Minnesota is giving Great Lakes freshwater freighters known as "lakers" that enter the Minnesota waters of Lake Superior an extra two years to install ballast water treatment technology.
The Minnesota Pollution Control issued draft regulations Monday, giving supporters and opponents until Sept. 11 to comment.
"It's acknowledging that we don't think the technology yet exists for (lakers) to meet the ballast treatment guidelines, but that we think it will" by 2018, Jeff Udd, the MPCA's director of industrial water quality permits, told the Duluth News Tribune.
The new rules also essentially allow the federal government to regulate oceangoing ships that enter Minnesota waters, deferring to new Environmental Protection Agency guidelines, Udd said.
"We didn't want to duplicate what the EPA is doing on saltwater ships," he said. "We wanted to focus our attention on what we think are gaps in the federal rules."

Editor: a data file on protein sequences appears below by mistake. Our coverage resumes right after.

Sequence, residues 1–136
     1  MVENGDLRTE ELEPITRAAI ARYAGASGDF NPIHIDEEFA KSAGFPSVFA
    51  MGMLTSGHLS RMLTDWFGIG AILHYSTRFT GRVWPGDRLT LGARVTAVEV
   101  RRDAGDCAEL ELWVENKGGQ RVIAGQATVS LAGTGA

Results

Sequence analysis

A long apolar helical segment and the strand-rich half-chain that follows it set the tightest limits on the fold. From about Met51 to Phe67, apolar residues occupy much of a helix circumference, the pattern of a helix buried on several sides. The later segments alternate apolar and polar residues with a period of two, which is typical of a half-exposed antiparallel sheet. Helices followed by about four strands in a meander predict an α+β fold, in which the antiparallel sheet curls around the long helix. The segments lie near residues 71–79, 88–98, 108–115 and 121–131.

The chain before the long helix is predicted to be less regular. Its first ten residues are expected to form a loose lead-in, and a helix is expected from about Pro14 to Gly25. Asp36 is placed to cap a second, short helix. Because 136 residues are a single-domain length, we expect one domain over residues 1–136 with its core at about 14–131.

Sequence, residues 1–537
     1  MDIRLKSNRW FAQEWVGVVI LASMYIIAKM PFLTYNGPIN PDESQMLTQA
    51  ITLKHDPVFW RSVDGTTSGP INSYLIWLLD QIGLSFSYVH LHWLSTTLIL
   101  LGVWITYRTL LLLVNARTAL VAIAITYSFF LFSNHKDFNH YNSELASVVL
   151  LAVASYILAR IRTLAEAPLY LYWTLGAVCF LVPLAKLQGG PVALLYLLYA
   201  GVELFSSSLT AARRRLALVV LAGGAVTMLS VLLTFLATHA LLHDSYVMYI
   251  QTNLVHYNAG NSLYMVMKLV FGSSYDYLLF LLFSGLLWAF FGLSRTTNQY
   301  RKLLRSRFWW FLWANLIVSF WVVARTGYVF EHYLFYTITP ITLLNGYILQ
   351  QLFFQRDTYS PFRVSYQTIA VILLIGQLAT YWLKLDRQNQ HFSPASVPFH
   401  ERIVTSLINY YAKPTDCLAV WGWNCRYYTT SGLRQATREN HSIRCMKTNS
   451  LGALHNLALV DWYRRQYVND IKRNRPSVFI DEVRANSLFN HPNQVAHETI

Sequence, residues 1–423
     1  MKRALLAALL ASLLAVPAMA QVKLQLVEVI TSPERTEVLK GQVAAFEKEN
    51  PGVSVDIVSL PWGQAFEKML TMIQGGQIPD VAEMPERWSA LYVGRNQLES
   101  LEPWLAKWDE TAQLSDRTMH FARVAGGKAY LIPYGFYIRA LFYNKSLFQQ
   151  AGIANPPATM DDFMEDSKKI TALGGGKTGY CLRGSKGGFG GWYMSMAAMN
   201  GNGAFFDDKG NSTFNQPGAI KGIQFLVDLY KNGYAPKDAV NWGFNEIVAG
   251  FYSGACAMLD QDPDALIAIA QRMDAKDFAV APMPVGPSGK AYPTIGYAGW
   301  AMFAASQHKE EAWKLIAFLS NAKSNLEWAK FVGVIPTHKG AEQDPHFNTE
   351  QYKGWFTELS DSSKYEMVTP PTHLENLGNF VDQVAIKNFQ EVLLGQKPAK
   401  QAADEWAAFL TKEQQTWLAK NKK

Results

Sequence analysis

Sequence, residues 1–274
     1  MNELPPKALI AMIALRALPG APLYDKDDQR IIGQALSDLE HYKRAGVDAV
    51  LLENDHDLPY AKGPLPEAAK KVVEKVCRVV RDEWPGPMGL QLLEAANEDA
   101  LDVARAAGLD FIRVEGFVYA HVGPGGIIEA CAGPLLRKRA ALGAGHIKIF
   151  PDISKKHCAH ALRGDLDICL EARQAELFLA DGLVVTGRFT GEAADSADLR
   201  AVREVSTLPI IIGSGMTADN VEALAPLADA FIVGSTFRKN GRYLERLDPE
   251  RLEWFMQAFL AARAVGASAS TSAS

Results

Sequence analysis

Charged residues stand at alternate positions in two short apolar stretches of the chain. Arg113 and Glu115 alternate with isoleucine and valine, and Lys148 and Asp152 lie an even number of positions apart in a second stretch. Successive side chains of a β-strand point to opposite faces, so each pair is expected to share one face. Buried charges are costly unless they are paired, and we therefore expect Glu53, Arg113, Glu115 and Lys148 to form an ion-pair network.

The ballast rules are part of a broader effort to reduce invasive species that hitchhike in ballast water — such as zebra mussels, ruffe and goby — both from foreign ports to U.S. ports and also those that spread between Great Lakes ports.
Minnesota is the only Great Lakes state with ballast rules that target boats that stick to fresh water.
The Great Lakes shipping industry opposes Minnesota's regulations, saying freshwater freighters are not responsible for bringing new species into U.S. waters. It also contends no technology may be possible that would kill nearly all the aquatic organisms in their tanks. The industry is expected to contest the new rules at a PCA hearing this autumn.
Environmental groups, however, have called for even stricter guidelines and quicker deadlines, saying invasive species are wreaking havoc with native ecosystems.